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This kind if thing means there is a defect in the TV, where erroneous commands are being sent to the TV’s control system. The problem is either a faulty proximity-touch key board or push-button board, a faulty board connected in series with it, or a pinched wire going to the board, which is shorting to ground. These boards are found inside the bezel (frame) in front or along the side of the television, and are the parts of the TV that interface with the viewer, like the push-button controls, or the receiver for the remote control.

Disassemble the bezel and disconnect the cable going to the proximity-touch key board or push-button board from the main board. If this stops the problem, you should replace the proximity-touch key board or push-button board. Sometimes these boards come as an assembly with a new cable. A service manual will help you specify the boards you need, and will illustrate how to disassemble the unit. Sometimes these boards are an integral part of the bezel (frame), so you may need to replace the whole bezel instead.

If the problem does not go away when you disconnect the cable, then you may need to replace the main board.

There are two other things that could cause this problem. One is if there is an infrared emitting device in close proximity to the television, such as a motion detector security device or a neon sign. The infrared light coming from these devices could be erroneously picked up by the television and interpreted as a command. The remedy would be to move the television away from these devices.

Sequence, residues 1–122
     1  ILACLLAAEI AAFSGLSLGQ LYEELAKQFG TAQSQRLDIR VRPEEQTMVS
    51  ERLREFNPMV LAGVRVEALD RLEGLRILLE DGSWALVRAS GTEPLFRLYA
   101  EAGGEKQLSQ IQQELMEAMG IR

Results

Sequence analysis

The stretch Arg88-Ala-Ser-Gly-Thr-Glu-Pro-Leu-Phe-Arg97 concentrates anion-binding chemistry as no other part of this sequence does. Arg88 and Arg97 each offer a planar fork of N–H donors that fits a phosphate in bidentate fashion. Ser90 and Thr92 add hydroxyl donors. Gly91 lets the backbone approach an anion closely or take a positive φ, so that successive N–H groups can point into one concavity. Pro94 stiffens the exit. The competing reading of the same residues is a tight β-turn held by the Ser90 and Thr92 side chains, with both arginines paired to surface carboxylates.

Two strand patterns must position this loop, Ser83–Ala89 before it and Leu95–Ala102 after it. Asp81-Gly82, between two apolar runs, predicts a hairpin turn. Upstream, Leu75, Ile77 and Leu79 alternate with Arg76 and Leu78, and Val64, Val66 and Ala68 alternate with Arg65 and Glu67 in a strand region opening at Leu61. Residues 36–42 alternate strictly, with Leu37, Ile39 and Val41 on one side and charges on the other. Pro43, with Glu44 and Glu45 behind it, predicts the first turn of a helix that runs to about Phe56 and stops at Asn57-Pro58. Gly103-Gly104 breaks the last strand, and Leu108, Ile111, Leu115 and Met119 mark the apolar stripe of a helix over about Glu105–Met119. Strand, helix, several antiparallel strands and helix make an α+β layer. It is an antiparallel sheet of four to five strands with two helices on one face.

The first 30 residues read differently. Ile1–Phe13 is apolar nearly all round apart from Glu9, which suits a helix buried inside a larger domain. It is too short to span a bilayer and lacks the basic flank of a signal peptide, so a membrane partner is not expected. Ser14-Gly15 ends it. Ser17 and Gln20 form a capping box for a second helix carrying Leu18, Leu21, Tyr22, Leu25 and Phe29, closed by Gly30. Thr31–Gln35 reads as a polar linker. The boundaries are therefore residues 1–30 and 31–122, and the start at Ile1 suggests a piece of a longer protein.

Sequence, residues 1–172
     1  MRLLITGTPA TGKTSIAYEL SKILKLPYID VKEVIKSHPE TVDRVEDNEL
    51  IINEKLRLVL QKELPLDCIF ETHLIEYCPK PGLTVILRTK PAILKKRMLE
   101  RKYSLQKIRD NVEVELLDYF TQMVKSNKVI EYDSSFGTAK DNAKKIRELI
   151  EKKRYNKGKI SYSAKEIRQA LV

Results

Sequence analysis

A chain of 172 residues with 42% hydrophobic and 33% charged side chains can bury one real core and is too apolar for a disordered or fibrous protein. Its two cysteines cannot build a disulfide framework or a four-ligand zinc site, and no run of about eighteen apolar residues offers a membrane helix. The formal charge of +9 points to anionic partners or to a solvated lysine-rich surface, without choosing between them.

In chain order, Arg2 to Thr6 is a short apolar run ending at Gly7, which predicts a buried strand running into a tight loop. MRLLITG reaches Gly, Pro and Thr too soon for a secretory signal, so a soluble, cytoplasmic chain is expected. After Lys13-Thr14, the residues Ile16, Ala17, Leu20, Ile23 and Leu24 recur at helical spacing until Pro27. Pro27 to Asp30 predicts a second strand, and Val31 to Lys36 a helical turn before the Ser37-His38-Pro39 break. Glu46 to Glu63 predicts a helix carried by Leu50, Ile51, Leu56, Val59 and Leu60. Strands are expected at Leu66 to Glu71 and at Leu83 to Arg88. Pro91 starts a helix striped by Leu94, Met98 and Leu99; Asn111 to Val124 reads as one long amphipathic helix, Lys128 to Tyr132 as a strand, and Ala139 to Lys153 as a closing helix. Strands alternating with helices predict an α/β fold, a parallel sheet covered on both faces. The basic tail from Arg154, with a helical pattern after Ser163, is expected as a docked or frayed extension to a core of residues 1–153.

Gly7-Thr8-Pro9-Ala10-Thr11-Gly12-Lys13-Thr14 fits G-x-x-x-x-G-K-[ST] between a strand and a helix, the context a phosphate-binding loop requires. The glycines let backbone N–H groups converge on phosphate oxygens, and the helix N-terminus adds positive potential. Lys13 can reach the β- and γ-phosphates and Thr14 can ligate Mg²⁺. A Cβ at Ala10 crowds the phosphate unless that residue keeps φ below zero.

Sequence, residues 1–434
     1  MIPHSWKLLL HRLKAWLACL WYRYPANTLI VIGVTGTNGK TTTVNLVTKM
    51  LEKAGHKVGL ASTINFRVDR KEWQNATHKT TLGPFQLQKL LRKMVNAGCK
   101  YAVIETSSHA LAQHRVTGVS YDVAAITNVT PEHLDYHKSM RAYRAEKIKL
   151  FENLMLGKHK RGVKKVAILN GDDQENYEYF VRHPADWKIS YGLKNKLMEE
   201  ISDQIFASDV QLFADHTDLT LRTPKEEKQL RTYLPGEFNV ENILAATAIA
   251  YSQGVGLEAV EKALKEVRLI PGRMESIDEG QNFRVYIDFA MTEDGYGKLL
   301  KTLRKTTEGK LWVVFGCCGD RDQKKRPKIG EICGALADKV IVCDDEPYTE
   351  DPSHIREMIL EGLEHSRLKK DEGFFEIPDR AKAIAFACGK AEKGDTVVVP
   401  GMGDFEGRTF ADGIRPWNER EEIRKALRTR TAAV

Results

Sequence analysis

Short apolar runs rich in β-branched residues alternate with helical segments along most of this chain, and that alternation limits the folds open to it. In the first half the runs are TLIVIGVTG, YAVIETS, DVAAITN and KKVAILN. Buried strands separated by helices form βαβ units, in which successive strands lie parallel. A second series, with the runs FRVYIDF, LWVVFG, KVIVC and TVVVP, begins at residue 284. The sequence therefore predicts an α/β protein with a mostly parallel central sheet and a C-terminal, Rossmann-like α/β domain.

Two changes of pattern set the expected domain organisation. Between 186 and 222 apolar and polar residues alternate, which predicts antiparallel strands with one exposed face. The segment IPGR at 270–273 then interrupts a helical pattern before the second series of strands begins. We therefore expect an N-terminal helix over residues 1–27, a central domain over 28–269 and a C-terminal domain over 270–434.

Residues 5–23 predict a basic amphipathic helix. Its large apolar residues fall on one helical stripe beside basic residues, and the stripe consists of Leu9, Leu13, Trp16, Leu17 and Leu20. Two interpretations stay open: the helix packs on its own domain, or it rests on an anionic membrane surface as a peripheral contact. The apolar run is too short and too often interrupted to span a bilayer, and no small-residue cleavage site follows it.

Or if there are any devices connected to the TV using HDMI cables, particularly a cable TV set-top box, it might be that erroneous commands are being sent to the TV via HDMI. Periodically, a cable TV service provider will send software updates from their head-end to their subscriber’s cable boxes. On occasion, these updates may not have all the bugs worked out, and may introduce incompatibility issues with certain makes and models of televisions. The quick fix for this would be to disconnect the HDMI cable and use component video cables instead. But make sure it's not the TV by plugging in a different source (like a DVD player) in to the same HDMI jack on the TV. If the component video cable trick works, contact your cable TV service provider and tell you have a bad cable box. They will need to either update the box with good software or replace your box with one of a different make and model.

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